1. Alcedo v. Alcedo, 2019 Tex. App. LEXIS 4456 (Tex. App. – Fort Worth May 30, 2019) (mem. op.) (Cause No. 02-17-00451-CV)

H and W married in 2005. It was a third marriage for H and a second for W. During the divorce proceedings, it was undisputed that both parties brought significant separate property into the marriage. Both parties pled the existence of separate property and testified that each had separate property. They both submitted sworn inventories admitting that the other party had separate property. They both produced documentation proving their separate property and they both filed proposed property divisions judicially admitting that the other party had separate property. The only disputed issues at trial were how to divide W’s retirement benefit accruing during marriage and whether reimbursement claims existed against the other’s separate estates. At the end of trial, the court issued a Letter Ruling that divided all of the assets belonging to both parties as if it were all community property, ignoring agreements and stipulations made by the parties. H filed a motion to reconsider. W, who had received a disproportionate share of the property, including much of which was stipulated to be H’s separate property, filed only a short response contending that H’s unhappiness with the outcome was not a basis to reconsider and failed to submit any legal arguments which might have otherwise supported the trial court’s decision. The trial court denied the motion to reconsider, stating that neither party produced clear and convincing evidence of separate property and thus the trial court had determined it was all community. H appealed. On appeal, H asserted that the trial court had erred in failing to confirm separate property as stipulated by the parties and erred in dividing the marital estate. The COA notes that stipulations are binding on the parties, the trial court and the appellate court, defining them as a contract between the parties and the court and creating judicial admissions. Based on the record, which evidenced extensive stipulations, the COA was quick to determine that the trial court abused its discretion by completely ignoring them. The COA notes that while a court has discretion to divide community property, it has no discretion to divest a spouse of separate property and lumping all property together in the face of the agreements and stipulations before dividing it was error. The COA affirmed the divorce and remanded the division of property. COMMENT: Much like it did in the TA case (#4) discussed above, the FW COA takes another opportunity to remind us of our ethical obligations as attorneys, noting that in this case, in an effort to retain the trial court’s favorable, but improper award, the W’s counsel filed a response in the trial court containing inflammatory and unprofessional attacks and W’s appellate briefing failed to offer any genuine dispute as to the H’s legal position. Clearly irritated, the COA again emphasizes the significance of the Texas Lawyer’s Creed which mandates courteous and civil communications and efforts to avoid disparaging remarks and decisions influenced by ill feelings between the clients, as well as our responsibilities of candor, diligence and respect to the judiciary. It is unfortunate that family law cases can sometimes manage to bring out the worst in our choices. In this case, the COA does not hesitate to call out W and her counsel for seemingly ignoring the law while trying to protect what amounted to an improper windfall. This is an Opinion we should all learn something from.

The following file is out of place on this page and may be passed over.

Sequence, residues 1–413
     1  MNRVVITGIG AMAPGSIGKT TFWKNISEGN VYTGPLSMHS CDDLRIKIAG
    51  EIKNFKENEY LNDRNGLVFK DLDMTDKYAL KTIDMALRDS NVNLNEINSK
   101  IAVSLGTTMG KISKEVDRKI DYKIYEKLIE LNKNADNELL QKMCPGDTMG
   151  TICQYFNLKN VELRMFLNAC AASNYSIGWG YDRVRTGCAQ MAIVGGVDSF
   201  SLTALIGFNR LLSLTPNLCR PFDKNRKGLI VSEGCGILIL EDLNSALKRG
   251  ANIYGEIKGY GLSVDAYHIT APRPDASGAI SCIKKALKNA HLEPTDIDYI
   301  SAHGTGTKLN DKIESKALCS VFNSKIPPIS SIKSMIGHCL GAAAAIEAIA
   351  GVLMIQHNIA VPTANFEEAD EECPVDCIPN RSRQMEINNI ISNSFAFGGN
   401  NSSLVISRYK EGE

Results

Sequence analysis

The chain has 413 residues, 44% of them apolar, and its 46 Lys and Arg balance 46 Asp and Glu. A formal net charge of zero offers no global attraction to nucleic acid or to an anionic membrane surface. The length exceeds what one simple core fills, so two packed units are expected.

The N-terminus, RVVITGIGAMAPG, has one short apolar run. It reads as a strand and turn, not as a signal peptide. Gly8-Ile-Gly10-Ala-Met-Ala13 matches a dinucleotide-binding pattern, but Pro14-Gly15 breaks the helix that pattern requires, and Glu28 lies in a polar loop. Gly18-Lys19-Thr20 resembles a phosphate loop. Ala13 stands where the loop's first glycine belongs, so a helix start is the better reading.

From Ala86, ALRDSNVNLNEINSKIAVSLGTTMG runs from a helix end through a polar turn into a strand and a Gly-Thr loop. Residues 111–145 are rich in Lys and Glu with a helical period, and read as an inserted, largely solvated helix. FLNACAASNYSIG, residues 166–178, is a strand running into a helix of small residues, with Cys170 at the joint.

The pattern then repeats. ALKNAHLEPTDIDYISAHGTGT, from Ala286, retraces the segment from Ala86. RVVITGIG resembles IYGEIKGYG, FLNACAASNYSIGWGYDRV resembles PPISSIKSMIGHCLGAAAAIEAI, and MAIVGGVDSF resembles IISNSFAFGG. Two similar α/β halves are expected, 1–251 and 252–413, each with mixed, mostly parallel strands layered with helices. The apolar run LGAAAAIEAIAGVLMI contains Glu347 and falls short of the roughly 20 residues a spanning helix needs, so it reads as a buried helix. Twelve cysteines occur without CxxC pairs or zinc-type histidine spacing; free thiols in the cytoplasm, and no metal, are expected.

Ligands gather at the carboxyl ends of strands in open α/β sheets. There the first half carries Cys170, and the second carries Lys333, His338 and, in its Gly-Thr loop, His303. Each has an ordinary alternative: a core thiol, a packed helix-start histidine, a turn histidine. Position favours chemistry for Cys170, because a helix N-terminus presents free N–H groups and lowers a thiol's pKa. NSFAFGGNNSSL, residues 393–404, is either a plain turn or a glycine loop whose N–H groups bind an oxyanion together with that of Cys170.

2019-06-05T16:12:56-05:00 June 5th, 2019|SideFeatured-Home|